Microsoft CEO Steve Ballmer announced today that he will be retiring within 12 months. My Forrester colleague Ted Schadler laid out some of the strategic challenges his successor will face in coming years. Here, I add to Ted's analysis.
Microsoft remains one of the great global technology companies, a solid member of theFortune 50. Although it no longer enjoys the reputation for innovation it did in the 1990s, it’s a critical player in every aspect of end user computing (including devices, software, browsers, development platforms, and services) and of other technology product and service markets.
As CEO, Steve Ballmer solidified Microsoft’s stronghold in enterprise solutions. Microsoft built and maintained — or built and made itself into a key challenger — in several enterprise markets. Microsoft Office remains a titanic success, even as it faces lower-cost competition from Google and others. Windows Azure has been cultivated into a full-fledged contender in the cloud services market. Exchange remains entrenched in enterprises, as do many of Microsoft’s Server and Tools offerings. Microsoft remains the company to beat in some of these markets, and has become a formidable challenger (e.g. as Azure takes on Amazon Web Services) in others.
In Forrester’s latest report, “Tracking The Renegade Technology Buyer,” we uncover the motivations and technology spending priorities of over 1,000 North American and European business executives. The data from the Forrsights Business Decision-Makers Survey was collected in Q4, 2012. Of the 891 respondents that had a budget over US$1 million, 824 spent their own money on hardware, software, telecom or services. Twenty-four percent of the 891 spent over 21% of their budget on technology, accounting for over $US 31 billion in expenditures. Senior management and sales and marketing were the top spending business functions and financial services/insurance and telecom/utilities lead the pack from a vertical perspective.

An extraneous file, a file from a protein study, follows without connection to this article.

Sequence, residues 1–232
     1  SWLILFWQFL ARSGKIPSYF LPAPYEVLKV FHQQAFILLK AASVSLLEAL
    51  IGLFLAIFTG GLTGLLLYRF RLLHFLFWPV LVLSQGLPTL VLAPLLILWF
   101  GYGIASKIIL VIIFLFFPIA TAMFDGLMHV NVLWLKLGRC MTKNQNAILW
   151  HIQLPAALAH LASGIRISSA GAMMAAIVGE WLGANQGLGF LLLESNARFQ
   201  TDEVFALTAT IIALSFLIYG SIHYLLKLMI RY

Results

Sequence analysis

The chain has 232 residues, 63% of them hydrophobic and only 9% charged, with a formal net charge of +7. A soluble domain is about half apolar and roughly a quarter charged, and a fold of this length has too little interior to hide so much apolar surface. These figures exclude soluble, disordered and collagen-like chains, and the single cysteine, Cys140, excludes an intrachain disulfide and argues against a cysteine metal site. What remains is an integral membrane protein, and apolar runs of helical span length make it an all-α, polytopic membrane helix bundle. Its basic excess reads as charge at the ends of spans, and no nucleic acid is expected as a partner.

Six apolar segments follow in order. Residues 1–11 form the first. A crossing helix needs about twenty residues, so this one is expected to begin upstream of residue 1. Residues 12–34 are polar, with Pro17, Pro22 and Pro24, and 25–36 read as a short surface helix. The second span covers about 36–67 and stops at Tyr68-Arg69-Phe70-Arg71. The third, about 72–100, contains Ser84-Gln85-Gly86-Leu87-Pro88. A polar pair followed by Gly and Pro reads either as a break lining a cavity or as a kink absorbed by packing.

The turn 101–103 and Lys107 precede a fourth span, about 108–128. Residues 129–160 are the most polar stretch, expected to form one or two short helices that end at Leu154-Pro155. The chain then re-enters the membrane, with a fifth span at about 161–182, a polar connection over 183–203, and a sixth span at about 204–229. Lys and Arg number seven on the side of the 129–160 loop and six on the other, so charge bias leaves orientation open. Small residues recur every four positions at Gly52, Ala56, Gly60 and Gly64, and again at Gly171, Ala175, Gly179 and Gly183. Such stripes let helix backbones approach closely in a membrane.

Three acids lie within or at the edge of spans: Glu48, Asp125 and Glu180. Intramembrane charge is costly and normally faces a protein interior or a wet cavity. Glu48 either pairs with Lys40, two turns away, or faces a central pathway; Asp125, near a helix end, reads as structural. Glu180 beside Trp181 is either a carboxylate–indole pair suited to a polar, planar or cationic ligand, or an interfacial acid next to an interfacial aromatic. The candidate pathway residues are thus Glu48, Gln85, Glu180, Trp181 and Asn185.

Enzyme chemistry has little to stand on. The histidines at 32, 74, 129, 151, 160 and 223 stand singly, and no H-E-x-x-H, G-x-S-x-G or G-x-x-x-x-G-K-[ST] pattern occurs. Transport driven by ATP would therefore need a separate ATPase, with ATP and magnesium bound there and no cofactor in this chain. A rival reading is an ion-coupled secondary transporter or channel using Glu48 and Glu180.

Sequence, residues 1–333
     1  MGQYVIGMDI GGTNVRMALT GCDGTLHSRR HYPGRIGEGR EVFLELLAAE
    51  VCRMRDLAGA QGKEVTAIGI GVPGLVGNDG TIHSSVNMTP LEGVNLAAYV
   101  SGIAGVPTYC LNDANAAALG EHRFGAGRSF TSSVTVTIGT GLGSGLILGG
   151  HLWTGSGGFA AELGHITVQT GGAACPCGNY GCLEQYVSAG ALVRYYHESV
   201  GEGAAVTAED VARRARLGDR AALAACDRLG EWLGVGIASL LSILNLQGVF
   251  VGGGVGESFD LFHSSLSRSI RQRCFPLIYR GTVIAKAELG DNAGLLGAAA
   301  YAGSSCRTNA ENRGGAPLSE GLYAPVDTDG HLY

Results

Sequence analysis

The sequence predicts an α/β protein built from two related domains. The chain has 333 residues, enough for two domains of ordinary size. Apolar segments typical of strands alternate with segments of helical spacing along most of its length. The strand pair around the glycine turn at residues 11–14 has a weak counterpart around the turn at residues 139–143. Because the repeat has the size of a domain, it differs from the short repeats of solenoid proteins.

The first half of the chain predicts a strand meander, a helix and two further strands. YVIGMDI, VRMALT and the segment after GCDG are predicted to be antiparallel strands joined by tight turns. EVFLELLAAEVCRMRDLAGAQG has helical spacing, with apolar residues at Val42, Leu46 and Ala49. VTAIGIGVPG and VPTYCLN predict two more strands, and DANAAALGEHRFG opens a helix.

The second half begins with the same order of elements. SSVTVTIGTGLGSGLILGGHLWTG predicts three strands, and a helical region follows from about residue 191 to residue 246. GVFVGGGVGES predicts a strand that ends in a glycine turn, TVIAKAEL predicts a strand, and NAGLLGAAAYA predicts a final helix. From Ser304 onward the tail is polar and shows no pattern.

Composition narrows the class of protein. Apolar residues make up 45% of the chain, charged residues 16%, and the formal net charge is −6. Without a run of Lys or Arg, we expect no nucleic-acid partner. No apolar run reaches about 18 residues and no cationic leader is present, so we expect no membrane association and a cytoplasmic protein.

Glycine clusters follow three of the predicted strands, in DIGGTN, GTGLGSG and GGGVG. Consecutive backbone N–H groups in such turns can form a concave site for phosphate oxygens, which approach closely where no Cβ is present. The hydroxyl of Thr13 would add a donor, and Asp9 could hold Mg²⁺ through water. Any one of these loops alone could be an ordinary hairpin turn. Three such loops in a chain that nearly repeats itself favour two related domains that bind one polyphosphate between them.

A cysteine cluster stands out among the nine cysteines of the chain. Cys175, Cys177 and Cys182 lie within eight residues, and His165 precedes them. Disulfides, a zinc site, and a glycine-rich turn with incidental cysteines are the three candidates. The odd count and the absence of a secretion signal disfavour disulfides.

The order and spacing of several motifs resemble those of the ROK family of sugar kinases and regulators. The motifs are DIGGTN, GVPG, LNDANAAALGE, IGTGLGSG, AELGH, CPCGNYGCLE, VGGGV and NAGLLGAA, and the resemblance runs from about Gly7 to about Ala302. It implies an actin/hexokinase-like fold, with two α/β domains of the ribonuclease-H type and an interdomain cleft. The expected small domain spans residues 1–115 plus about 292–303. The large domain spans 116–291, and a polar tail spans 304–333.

So why are business leaders carving out part of their own budgets for technology? It’s contrary to what you think. The high business spenders are not doing it because it is faster or cheaper than central IT – they are doing it because they see technology as too important to their success not to be involved. In parallel, senior management is more relaxed in dealing with the technology – 33% of the high spenders say there technology IQ has increased and they are more comfortable working with IT. Another 20% say that their use of consumer technology has changed their expectations of how technology should be used. The consumerization of IT is not just about younger Gen Y staff wanting to bring their own Macs and iPhones to the office; just as or more importantly, it’s also changing the way senior managers drive business and technology strategy.
Jason Hurd is the son of an Idaho backcountry bush pilot, stands about 6' 5" tall and runs an aircraft maintenance shop at the Erie Municipal Airport in Colorado - about a mile as the crow flies from my office. Airplanes are in his blood, and you'd be hard-pressed to find a more interesting character or competent mechanic anywhere. His shop is not the cheapest around, but pilots who value their lives know that Jason's is the place to go if they want a thorough inspection and the work done right the first time. When an aircraft breaks down, the pilot can't just pull over to the side of the road, hop out and fix it. In fact, aircraft maintenance is about as mission-critical as it gets. Oh, and it's heavily regulated and operates on razor-thin margins, too.